The theme of this year’s World Economic Forum is the fourth industrial revolution.
Heads of state, 3,000 business representatives and visionaries will discuss how future generations could successfully adapt to rapid technological evolution and how to use innovative solutions to global economic, energy, medical, and climate change challenges.
This year, the World Economic Forum will be attended by presidents and prime ministers from 50 countries as well as by the UN, OECD, World Bank, and IMF leaders.
Grybauskaitė will take part in a high-level discussion on access to and ensuring the quality of the world’s water resources held on the initiative of the UN and the World Bank. Grybauskaite and another 14 heads of state are invited to join the UN permanent working group which would take the lead in implementing the UN Water Agenda.
High pollution and climate change are making water scarcity a major problem. According to World Health Organisation data, 1.8 billion – one in four people on the planet – drink contaminated water and around 1,000 children die every day from diseases related to lack of water and sanitation. In the future, pollution and climate change can make water even less accessible and more expensive than gas or oil.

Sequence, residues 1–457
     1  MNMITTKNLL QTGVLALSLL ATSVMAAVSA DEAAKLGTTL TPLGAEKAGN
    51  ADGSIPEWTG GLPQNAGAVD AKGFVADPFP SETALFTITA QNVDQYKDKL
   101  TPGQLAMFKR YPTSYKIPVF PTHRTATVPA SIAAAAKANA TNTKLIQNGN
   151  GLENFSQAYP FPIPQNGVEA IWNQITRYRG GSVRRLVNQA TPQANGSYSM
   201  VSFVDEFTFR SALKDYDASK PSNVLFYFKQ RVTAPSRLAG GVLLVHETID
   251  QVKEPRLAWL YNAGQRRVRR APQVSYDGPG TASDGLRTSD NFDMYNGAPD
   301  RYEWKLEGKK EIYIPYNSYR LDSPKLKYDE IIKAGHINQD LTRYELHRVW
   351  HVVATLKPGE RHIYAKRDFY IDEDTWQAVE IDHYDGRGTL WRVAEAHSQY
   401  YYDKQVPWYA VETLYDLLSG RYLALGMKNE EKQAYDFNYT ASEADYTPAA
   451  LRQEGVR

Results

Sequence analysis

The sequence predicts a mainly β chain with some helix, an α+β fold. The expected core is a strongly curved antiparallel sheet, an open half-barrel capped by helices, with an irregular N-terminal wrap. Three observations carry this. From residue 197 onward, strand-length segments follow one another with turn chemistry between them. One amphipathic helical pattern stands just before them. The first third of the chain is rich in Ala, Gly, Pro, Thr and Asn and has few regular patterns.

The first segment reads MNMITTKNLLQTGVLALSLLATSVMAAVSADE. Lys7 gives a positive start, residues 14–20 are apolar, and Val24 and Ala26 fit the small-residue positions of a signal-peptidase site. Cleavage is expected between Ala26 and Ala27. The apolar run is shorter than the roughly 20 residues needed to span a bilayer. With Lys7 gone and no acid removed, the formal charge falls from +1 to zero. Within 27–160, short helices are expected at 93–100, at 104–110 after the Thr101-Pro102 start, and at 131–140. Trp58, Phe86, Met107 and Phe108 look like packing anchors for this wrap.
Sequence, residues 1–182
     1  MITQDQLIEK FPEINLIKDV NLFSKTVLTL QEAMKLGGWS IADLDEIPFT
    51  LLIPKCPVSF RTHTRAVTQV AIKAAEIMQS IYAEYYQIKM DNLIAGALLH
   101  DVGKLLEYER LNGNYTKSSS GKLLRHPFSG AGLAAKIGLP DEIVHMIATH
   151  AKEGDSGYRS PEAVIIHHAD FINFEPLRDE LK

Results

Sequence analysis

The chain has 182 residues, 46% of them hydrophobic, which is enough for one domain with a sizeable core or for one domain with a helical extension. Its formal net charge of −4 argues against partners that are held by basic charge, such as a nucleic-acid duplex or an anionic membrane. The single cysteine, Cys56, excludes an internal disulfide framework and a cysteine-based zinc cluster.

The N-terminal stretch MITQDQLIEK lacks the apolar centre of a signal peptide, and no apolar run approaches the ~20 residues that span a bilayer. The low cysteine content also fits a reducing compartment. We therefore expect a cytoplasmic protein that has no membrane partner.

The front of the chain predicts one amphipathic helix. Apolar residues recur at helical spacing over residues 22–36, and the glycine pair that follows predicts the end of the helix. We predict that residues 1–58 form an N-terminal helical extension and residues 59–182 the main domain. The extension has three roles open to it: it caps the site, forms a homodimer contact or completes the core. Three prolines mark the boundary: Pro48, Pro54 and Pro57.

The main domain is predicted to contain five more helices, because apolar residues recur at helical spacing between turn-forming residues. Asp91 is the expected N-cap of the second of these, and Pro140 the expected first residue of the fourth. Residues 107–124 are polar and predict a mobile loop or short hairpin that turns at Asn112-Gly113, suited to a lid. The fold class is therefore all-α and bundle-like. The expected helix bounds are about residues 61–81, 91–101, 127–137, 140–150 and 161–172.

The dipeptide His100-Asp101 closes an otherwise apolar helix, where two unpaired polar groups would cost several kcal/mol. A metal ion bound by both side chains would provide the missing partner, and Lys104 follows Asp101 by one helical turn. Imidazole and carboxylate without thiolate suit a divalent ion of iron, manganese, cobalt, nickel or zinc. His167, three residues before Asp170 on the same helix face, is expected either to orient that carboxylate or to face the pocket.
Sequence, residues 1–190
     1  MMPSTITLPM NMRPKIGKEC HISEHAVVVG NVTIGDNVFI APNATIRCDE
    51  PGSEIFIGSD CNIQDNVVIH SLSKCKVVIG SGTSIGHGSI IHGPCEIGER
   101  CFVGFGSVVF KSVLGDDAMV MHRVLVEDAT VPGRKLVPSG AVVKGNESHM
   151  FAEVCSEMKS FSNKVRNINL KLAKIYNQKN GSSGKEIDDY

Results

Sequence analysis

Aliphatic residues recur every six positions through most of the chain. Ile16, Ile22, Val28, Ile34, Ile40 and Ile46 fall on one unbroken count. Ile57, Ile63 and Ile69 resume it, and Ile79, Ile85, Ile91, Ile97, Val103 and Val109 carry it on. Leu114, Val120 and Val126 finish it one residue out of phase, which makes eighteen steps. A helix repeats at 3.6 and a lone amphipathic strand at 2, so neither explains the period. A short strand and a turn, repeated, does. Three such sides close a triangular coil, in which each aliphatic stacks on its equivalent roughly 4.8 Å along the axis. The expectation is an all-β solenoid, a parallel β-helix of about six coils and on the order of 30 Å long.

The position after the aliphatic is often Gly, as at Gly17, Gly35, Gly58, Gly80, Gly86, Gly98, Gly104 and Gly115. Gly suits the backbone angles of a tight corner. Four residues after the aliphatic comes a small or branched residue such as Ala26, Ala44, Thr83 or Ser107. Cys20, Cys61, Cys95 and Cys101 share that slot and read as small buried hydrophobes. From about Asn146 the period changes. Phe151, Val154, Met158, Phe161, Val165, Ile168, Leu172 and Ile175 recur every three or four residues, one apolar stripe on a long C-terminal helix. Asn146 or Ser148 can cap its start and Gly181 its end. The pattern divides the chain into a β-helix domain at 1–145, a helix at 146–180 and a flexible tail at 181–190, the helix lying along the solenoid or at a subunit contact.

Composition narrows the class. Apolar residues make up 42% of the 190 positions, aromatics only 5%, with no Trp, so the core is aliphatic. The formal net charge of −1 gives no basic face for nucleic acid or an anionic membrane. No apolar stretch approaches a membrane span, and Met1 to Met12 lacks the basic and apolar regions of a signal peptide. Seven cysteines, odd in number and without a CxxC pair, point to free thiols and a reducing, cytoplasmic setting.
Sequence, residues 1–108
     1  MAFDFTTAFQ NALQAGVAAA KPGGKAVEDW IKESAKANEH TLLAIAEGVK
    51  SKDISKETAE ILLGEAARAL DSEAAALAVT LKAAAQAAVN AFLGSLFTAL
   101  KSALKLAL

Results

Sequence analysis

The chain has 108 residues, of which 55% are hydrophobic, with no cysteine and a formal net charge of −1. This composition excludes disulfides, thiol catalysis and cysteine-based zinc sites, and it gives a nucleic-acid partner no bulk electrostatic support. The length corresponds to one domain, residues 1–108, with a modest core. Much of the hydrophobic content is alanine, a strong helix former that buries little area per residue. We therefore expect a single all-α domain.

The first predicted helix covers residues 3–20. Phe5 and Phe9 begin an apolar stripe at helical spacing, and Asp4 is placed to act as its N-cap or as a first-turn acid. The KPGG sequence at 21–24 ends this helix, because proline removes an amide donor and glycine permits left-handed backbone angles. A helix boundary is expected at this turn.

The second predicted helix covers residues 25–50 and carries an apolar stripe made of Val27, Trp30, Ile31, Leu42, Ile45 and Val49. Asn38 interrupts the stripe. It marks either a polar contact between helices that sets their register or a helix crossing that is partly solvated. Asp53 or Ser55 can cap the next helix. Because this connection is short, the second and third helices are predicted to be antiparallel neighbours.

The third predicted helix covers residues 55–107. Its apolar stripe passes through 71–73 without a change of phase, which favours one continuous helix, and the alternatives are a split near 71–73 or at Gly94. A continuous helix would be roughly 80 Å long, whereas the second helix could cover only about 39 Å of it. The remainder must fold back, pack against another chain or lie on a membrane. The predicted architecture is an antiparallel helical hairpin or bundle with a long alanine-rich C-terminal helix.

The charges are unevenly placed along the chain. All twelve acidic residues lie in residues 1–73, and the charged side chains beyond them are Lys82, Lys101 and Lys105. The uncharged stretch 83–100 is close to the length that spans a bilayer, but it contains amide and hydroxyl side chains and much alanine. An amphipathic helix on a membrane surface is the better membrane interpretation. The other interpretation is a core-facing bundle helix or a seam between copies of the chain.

Lithuania is taken as a model example of how to use water in a sustainable way. The European Commission names Lithuania as one of the leaders in waste water management, and we are among the member states which almost totally comply with the EU requirements for drinking water quality.
The president will also speak about topics relevant specifically to Lithuania, like the Astravyets nuclear power plant which is being built in Belarus without observing international security standards. Lithuania fears that in case of an accident, contaminated water from the Neris river, which will be used to cool the facility, would reach the drinking water sources in Vilnius within a few days, contaminating not only the Neris but also the Nemunas basin and the Baltic Sea.
In Davos, the president will also attend a leaders’ informal meeting to exchange views on the global challenges brought about by the migration wave and on ways to deal with them.
The president will take part in a high-level event held by the Women in Parliaments Global Forum – which brings together over 9,000 members – to discuss women’s participation and leadership in politics and social life.
Grybauskaitė will also visit CERN, which is the largest research institution in the world with nearly half of all physicists on the planet doing their internship there.
Lithuania seeks to become an associate member of CERN. An official application document will be submitted in March.
Lithuania and CERN have been cooperating since 1993. Every year, over 20 Lithuanian scientists from Vilnius University, Kaunas University of Technology, and Vilnius Gediminas Technological University do their internships there. Special programs are offered for teachers and school students from Lithuania.